# Oscillations of Covalent Molecules

• BlueDevil14
In summary, the conversation is about the force of covalent bonds between diatomic molecules and finding the force constant for small oscillations around equilibrium using Hooke's Law and the Taylor series expansion of the force equation. The force constant is found to be A*b=579.15 N/m.
BlueDevil14

## Homework Statement

Many diatomic (two-atom) molecules are bound together by covalent bonds that are much stronger than the van der Waals interaction. Experiment shows that for many such molecules, the interaction can be described by a force of the form
$F_{r} = A[ e^{- 2b( r - R_0 )} - e^{ - b(r - R_0 )}]$
where A and b are positive constants, r is the center-to-center separation of the atoms, and R_0 is the equilibrium separation. For the hydrogen molecule, $A = 2.97 * 10^{ - 8} {\rm N}, b = 1.95 \times 10^{10} {\rm m}^{ - 1}, \text{and } R_0 = 7.4 \times 10^{ - 11} {\rm m}.$

Find the force constant for small oscillations around equilibrium

Hint: Use the Taylor series expansion for e^x

i.e. $e^{x}=1+x+\frac{x^{2}}{2}...$

## Homework Equations

Hooke's Law: F=-k*x

## The Attempt at a Solution

I assume that the displacement for Hooke's Law is r/2 from the equation. We know force as a function of r already, and everything else is constant. The question is more math related, because I do not remember how to simplify this at all.

I could really use some help. I am getting nowhere.

r-R0=Δr, Δr is the change of distance between the atoms. The bond is like a string, and the force between the atoms is of form F=-kΔr for small Δr-s, where k is the force constant. Use the Taylor-series expansion of exp(-2bΔr) and exp(-bΔr) in terms of Δr, and keep only the constant and linear terms, find k.

ehild

Thanks. Can you explain why I only keep the constant and linear terms?

Last edited:
for anyone else reading this thread, here is the Taylor expansion for the bracketed term (to the sixth power):

$-b Δr+\frac{3 b^2 Δr^2}{2}-\frac{7 b^3 Δr^3}{6}+\frac{5 b^4 Δr^4}{8}-\frac{31 b^5 Δr^5}{120}+\frac{7 b^6 Δr^6}{80}...$

Therefore Hooke's Law may be written as $F_{r}=-AbΔr$

k=A*b=579.15 N/m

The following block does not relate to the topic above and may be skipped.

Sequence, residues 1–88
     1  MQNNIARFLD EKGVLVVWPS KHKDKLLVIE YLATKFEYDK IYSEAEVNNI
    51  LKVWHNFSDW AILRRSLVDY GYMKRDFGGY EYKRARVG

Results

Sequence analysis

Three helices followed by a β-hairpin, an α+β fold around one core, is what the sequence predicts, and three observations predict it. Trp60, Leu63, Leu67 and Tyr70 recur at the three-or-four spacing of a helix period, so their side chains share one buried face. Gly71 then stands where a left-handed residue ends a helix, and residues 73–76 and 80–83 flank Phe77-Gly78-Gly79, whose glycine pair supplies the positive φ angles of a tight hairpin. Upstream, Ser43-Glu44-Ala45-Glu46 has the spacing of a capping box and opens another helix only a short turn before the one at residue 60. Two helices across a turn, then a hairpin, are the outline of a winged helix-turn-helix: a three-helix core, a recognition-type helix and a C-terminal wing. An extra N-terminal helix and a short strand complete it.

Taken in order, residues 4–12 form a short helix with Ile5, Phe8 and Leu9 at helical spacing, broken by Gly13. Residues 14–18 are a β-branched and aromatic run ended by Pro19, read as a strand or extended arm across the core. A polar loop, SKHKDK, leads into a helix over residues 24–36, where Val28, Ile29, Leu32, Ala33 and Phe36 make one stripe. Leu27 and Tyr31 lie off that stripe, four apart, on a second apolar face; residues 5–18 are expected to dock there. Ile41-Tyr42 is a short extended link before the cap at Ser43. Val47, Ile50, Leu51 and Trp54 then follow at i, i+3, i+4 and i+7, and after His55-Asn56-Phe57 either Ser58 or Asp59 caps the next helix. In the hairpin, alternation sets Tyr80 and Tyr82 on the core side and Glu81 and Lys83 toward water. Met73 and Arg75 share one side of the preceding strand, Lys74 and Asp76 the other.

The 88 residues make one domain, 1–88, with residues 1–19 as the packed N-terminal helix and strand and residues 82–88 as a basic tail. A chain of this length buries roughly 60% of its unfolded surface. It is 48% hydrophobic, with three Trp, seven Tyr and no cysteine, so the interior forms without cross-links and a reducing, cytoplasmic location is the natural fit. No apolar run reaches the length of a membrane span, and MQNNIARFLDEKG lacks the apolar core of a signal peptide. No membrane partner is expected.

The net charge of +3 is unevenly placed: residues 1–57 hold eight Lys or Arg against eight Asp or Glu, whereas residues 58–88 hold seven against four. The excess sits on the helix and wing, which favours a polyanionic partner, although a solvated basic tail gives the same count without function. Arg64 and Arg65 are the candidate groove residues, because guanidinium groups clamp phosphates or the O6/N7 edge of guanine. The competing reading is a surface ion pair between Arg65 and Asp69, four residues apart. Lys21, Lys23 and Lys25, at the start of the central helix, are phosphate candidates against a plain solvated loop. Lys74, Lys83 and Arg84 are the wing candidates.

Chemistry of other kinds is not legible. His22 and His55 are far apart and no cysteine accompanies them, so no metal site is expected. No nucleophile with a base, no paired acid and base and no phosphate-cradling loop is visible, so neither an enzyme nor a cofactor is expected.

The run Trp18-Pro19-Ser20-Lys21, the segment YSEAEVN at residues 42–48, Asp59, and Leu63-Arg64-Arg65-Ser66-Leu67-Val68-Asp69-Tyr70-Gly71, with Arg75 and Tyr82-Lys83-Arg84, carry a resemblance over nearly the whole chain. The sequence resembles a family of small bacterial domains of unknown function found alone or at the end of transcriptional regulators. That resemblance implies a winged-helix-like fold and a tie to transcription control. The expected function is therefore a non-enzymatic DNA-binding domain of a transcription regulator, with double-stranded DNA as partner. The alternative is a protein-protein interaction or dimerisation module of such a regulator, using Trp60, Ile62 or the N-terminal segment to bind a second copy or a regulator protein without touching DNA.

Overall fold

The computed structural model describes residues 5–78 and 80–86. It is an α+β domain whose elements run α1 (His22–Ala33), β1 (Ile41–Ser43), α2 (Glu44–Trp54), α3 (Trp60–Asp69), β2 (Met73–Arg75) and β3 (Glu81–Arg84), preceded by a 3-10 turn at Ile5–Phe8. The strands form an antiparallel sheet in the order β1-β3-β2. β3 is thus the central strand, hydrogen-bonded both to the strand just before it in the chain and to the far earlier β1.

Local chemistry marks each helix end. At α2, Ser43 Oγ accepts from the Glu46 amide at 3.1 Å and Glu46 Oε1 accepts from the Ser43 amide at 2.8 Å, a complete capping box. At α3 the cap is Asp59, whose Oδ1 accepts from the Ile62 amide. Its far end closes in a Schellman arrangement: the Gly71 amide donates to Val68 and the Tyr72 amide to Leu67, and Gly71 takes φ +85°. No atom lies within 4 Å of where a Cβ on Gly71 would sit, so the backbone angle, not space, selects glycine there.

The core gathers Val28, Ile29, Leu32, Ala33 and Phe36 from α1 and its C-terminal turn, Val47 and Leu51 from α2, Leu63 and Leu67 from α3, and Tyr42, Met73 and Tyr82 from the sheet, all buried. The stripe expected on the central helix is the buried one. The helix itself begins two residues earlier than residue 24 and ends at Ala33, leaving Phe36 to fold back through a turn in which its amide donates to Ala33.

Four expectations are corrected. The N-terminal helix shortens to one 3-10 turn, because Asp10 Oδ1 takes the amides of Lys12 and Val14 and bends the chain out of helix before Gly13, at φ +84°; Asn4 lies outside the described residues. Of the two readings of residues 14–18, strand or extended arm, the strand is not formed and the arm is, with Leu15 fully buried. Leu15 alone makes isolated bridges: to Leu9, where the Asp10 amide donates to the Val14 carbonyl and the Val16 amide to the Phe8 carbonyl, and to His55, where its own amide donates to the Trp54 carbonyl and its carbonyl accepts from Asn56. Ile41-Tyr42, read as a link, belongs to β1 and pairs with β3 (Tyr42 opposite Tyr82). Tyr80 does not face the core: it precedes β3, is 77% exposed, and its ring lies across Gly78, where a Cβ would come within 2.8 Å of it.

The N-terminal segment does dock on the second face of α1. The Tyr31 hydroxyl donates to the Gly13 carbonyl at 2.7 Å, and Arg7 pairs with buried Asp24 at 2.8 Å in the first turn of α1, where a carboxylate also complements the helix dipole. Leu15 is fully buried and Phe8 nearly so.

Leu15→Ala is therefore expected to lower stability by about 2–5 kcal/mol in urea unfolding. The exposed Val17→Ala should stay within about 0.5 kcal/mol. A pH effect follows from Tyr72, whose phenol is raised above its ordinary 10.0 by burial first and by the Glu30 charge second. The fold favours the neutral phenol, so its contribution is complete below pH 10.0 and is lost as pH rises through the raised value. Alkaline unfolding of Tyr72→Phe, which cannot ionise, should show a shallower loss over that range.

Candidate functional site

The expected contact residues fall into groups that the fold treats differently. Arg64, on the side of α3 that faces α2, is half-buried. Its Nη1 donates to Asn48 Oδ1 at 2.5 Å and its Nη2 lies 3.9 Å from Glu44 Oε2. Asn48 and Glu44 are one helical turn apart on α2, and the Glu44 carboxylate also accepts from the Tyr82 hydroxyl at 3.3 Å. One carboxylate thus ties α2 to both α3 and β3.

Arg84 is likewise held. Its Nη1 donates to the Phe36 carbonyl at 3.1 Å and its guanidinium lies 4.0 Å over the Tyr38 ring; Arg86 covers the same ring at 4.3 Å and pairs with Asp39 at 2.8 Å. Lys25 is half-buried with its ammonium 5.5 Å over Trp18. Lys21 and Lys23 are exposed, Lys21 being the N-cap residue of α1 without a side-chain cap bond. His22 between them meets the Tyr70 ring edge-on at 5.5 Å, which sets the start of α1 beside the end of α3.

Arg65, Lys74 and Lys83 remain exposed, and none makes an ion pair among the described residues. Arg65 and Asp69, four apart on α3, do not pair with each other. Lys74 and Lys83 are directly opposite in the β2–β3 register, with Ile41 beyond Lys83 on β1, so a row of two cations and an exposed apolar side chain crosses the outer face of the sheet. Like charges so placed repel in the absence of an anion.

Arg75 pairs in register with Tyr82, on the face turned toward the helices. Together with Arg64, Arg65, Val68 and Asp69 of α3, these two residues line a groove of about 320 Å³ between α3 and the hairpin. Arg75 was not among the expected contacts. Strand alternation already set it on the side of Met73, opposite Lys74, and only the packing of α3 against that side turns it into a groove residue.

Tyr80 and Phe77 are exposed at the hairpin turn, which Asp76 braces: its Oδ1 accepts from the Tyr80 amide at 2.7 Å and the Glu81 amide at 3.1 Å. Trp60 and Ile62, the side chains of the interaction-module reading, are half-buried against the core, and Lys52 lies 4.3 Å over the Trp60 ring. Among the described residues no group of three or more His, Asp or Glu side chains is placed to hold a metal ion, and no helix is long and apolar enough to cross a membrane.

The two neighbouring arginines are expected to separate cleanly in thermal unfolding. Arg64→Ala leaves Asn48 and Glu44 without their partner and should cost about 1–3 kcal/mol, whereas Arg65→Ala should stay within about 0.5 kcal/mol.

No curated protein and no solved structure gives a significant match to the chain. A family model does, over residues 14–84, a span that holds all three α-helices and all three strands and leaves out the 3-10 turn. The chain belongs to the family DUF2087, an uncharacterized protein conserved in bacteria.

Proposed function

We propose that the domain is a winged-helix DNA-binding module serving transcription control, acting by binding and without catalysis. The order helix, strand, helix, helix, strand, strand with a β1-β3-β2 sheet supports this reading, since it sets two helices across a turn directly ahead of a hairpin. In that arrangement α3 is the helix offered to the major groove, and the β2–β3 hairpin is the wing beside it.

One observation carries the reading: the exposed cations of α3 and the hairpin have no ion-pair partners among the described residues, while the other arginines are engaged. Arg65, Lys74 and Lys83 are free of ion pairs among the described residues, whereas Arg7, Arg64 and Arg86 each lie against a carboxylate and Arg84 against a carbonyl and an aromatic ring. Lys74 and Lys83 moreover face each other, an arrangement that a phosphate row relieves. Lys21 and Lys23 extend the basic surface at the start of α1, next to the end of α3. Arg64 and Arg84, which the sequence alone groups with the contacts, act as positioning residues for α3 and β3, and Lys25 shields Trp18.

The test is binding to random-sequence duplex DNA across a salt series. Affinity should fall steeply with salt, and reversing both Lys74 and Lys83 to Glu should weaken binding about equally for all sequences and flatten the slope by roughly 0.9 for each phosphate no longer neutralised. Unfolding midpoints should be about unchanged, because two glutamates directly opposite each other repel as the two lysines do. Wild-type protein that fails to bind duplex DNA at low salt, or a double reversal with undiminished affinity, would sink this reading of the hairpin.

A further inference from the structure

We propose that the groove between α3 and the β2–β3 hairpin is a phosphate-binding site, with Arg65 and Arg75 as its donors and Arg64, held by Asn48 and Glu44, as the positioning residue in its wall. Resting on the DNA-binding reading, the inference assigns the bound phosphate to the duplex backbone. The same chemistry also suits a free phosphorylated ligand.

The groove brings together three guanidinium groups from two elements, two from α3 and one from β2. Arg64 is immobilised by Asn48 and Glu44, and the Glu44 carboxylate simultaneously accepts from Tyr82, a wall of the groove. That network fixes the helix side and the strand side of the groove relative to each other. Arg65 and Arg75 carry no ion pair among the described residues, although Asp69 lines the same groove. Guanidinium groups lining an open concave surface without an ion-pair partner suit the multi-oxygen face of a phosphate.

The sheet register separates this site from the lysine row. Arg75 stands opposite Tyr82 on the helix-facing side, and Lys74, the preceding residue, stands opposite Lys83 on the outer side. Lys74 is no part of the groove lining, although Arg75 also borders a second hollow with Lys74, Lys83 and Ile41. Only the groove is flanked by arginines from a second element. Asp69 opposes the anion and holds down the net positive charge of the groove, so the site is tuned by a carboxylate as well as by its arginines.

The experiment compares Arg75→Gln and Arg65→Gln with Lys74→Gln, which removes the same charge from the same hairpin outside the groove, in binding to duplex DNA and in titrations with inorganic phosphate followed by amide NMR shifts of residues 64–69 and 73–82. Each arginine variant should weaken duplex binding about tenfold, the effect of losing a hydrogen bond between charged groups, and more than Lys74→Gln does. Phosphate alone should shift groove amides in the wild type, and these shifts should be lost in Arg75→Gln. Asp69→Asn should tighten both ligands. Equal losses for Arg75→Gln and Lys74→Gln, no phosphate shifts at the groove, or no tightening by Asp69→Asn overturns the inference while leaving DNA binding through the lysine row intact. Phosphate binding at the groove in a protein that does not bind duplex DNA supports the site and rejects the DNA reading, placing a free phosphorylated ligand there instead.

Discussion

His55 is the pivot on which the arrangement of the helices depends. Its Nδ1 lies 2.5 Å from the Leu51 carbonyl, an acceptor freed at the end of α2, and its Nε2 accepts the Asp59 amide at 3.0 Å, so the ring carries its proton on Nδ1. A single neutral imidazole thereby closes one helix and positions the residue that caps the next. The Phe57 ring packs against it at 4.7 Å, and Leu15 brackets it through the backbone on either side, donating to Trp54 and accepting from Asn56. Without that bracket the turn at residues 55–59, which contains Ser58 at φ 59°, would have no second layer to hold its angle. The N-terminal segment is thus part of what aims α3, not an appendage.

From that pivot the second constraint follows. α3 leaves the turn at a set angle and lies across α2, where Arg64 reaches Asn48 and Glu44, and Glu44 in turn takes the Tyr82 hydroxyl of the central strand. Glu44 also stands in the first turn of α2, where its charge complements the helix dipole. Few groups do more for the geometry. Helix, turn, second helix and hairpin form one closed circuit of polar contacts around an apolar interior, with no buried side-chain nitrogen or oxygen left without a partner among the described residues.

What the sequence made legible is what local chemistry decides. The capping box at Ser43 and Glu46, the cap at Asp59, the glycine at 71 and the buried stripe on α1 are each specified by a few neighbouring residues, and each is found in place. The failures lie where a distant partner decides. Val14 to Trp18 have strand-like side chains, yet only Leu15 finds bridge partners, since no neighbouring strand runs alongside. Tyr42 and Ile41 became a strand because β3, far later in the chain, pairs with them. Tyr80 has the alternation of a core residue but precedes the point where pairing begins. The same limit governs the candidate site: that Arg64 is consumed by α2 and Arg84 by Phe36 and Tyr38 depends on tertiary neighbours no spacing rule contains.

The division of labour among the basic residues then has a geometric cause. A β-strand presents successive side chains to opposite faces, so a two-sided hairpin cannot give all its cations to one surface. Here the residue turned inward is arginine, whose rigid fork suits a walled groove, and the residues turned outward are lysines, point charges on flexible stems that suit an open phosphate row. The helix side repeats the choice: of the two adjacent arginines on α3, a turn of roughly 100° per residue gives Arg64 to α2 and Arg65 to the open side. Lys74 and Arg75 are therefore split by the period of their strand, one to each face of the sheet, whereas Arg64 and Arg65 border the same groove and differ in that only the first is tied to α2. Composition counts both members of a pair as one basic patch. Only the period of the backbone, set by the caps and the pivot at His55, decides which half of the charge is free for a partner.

I hope someone reads this and avoids all of my frustration

Last edited:
BlueDevil14 said:
Thanks. Can you explain why I only keep the constant and linear terms?
because the higher order terms are so small.

ehild

Thanks. It all makes sense now.

## 1. What are oscillations of covalent molecules?

Oscillations of covalent molecules refer to the vibrations or movements of atoms within a molecule. These oscillations are caused by the sharing of electrons between atoms in a covalent bond.

## 2. How do these oscillations affect the properties of covalent molecules?

The frequency and amplitude of these oscillations can affect the stability, reactivity, and other physical and chemical properties of covalent molecules. For example, molecules with higher oscillation frequencies tend to be more reactive.

## 3. What factors influence the oscillation frequency of covalent molecules?

The oscillation frequency of a covalent molecule is influenced by the strength of the covalent bond, the masses of the atoms involved, and the bond length. It can also be affected by external factors such as temperature and pressure.

## 4. How can we measure the oscillation frequency of covalent molecules?

The oscillation frequency of covalent molecules can be measured using techniques such as infrared spectroscopy, Raman spectroscopy, and nuclear magnetic resonance (NMR) spectroscopy. These methods involve exciting the molecules and measuring the energy absorbed or emitted during their oscillations.

## 5. What is the significance of studying oscillations of covalent molecules?

Understanding the oscillations of covalent molecules is important in fields such as chemistry, materials science, and biochemistry. It allows us to predict and control the properties and behavior of molecules, which is crucial in developing new materials and drugs, as well as understanding chemical reactions and biological processes.

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